Well known social media experts like to slough off tough questions about return on investment (ROI) with flip phrases like, “What’s the ROI of your mom?” Now it’s time to turn the tables and ask social media experts, “What’s the ROI of Pinterest?”
For the past few weeks we have experienced a deluge of Pinterest hype across the social media sphere, marketing media, and the periodic mainstream news piece. Pinterest is touted as the next hot thing, and we see a ton of suggestions from “experts” on how to market using Pinterest.
What is rarely offered is demonstrative evidence of ROI. And shared case studies are often sandbox level successes that produce light outcomes like follower counts, but not actual financial results. Here are some examples:
Watch an organization successfully strike the balance between community and return on investment. The artful dance between fantastic people skills and good business sense demonstrates strong professional competence. The two needs intertwine in irrevocable necessity. Organizations need community, and they need to create results from their online efforts.
This duopoly can be summed up in two statements: 1) To build community without outcomes doesn’t make any business sense. 2) To expect any outcomes without building relationships can also be deemed as poor business skills, regardless of medium (and in real life, too).
Let’s handle the second statement first since it represents the cry of the social media purist for conversations and no ROI. Bad business via lousy relationship skills has gone on well before social media. This isn’t new, it’s just the reality of competitive markets. Winners get it, losers don’t. Conversational media just adds a microscope to this issue, and at a minimum has forced widespread minor changes across the business and nonprofit communities as they experiment.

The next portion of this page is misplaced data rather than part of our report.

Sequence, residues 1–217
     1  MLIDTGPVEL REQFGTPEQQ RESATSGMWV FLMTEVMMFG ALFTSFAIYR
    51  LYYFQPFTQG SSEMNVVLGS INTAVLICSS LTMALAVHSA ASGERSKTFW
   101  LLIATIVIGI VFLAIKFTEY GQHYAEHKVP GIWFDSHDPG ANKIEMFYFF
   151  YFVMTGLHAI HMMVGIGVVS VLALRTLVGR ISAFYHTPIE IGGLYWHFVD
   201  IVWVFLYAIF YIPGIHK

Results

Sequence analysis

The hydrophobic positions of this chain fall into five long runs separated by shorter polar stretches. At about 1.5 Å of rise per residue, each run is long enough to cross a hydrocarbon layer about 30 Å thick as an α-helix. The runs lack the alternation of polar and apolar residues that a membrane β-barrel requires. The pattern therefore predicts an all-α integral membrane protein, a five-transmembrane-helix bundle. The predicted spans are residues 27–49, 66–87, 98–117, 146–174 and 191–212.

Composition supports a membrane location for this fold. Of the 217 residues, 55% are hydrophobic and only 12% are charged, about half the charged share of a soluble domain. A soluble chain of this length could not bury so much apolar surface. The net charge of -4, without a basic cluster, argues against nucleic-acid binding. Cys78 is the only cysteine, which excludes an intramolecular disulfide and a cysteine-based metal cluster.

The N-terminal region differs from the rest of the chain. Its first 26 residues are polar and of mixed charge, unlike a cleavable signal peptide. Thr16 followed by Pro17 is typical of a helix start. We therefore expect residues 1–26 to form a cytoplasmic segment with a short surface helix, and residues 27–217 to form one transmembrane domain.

Moving back to the first statement, to cry wolf because organizations want outcomes seems utterly ridiculous. People that lament they’ll never “get it” or who say that organizations are dinosaurs for asking how this impacts their organization lack professional sense. How can anyone be taken seriously if they expect organizations to invest resources for extended periods of time and not achieve outcomes?
It’s reminiscent of a teenager screaming for designer jeans without understanding the financial needs of a house, college fund, retirement, etc. A business or nonprofit cannot exist without sales or donations and civil actions, respectively! Try explaining that to the purist. What they end up doing is blogging about how business sucks, and rallying sycophants that cry me, too. But like the teen without his/her jeans, the purist loses business to real online professionals and established communications industry players who are adopting.